* To whom correspondence should be addressed.
Received September 1, 2018
Various forms of cell motility critically depend on pushing, pulling, and resistance forces generated by the actin cytoskeleton. Whereas pushing forces largely depend on actin polymerization, pulling forces responsible for cell contractility and resistance forces maintaining the cell shape require interaction of actin filaments with the multivalent molecular motor myosin II. In contrast to muscle-specific myosin II paralogs, nonmuscle myosin II (NMII) functions in virtually all mammalian cells, where it executes numerous mechanical tasks. NMII is expressed in mammalian cells as a tissue-specific combination of three paralogs, NMIIA, NMIIB, and NMIIC. Despite overall similarity, these paralogs differ in their molecular properties, which allow them to play both unique and common roles. Importantly, the three paralogs can also cooperate with each other by mixing and matching their unique capabilities. Through specialization and cooperation, NMII paralogs together execute a great variety of tasks in many different cell types. Here, we focus on mammalian NMII paralogs and review novel aspects of their kinetics, regulation, and functions in cells from the perspective of how distinct features of the three myosin II paralogs adapt them to perform specialized and joint tasks in the cells.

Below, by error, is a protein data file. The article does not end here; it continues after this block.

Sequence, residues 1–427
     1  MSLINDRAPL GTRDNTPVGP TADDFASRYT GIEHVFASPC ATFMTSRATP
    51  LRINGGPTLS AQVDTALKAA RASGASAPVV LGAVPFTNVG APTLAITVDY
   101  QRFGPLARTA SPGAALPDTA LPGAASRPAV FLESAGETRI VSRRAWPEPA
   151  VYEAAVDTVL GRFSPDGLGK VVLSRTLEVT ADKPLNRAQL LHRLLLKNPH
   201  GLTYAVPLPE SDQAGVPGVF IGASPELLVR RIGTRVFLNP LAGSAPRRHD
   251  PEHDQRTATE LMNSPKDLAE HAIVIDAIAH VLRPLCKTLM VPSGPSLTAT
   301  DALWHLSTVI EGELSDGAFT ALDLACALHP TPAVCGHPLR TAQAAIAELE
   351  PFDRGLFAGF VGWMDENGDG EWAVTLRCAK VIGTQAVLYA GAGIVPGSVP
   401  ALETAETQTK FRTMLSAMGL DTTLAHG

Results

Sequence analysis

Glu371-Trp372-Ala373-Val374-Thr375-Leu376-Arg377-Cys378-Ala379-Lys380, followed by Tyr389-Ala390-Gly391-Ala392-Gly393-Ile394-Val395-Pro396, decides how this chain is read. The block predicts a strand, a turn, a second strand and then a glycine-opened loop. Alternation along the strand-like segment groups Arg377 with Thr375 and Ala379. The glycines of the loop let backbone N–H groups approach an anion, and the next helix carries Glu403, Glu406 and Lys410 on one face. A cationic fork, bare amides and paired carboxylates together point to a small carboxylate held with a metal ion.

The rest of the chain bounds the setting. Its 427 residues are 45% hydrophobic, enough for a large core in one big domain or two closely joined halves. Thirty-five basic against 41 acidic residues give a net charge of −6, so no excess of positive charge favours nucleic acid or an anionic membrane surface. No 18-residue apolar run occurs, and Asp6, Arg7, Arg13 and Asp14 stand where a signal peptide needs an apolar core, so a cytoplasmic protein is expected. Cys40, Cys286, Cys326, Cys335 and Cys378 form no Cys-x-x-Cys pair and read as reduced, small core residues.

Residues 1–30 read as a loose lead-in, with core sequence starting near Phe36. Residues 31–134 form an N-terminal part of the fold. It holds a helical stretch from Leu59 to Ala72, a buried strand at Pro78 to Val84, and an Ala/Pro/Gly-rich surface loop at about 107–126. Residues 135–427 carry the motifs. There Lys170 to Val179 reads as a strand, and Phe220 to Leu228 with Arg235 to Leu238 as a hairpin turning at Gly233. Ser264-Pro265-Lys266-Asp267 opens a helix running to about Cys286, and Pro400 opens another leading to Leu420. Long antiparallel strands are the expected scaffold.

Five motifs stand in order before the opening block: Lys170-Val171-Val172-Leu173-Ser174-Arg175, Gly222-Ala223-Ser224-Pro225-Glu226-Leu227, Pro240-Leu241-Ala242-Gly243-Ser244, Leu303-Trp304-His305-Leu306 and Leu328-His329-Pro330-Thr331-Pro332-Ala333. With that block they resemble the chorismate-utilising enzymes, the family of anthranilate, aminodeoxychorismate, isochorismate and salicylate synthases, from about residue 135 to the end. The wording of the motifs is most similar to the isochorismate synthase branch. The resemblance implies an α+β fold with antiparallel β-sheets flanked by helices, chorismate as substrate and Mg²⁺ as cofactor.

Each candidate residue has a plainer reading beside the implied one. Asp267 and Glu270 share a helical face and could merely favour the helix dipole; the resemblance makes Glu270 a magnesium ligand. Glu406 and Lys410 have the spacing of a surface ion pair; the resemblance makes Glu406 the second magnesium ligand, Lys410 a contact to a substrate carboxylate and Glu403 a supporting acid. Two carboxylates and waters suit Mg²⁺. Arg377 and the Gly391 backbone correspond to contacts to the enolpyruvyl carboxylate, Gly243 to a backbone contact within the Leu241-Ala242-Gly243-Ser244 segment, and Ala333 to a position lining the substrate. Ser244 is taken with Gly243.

KEY WORDS: actin, nonmuscle myosin II, stress fibers, cytoskeleton, cell motility